In a U-turn from the previous’ chairman plans, John Lewis Partnership new head Sharon White has restored separate executive division within John Lewis and Waitrose, with the appointment of former Sainsbury’s executive James Bailey as executive director of Waitrose (The Financial Times £). The retailer said it will announce “in due course” a new executive at John Lewis who would be responsible for trading, merchandising, marketing and developing customer propositions for shops and Johnlewis.com (The Times £).
Meanwhile, White refused to roll out the possibility that some John Lewis’ stores might not reopen after the lockdown is lifted (The Guardian).
Sainsbury’s boss Mike Coupe told the BBC that social distancing measures, such as queues to supermarkets, were likely to remain in place until September (BBC).
Many UK retailers continue to fall between the cracks of the government’s available support to deal with the coronavirus crisis. While Associated British Foods, Marks & Spencer and Next confirmed a successful application for the Coronavirus Corporate Finance Facility others, including Fraser Group, were declined an application (The Financial Times £).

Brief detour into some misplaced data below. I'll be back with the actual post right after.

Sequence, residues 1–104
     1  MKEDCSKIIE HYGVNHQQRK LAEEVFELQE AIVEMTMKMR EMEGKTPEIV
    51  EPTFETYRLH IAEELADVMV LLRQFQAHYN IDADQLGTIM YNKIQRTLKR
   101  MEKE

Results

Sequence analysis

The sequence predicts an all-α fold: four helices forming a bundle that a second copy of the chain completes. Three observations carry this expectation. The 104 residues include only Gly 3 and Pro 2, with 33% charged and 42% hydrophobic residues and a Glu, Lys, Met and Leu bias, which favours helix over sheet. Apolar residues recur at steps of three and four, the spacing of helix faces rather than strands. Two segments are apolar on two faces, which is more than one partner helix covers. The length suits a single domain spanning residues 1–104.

When pubs and restaurants reopen following the end of the lockdown, things won’t be smooth sailing. Social distancing measures to keep customers two metres apart could mean a 50% drop in trade as only a limited number of customers can be welcomed in (Sky News).
Meanwhile, some of the biggest restaurant chains in the UK are due to send a letter to ministers begging not to reopen their industry too soon or risk triggering a wave of permanent closures due to the disparity between costs and revenues they would be able to generate (Sky News).
Pub chain Whetherspoon has told investors it plans to reopen its pubs in or around June. However, any reopening would have to be allowed by the government, which so far has not revealed any guidance on pub trading (The Guardian, BBC). The decision comes after chairman Tim Martin argued the chain should have stayed open during lockdown (Sky News).
The company became also one of the latest businesses to tap investors for cash, after announcing a share placing to raise £141m. The placing, representing 15% of Whetherspoon capital, is not open to its small shareholders (The Times).
Shopping centre owner Intu could lose some of its assets as bondholders of debt secured against its shopping centres are drawing up plans that could lead to them taking control of the assets (The Times £).
KFC meanwhile, which has already reopened 20 stores for delivery, said it will reopen another 80 next week (BBC).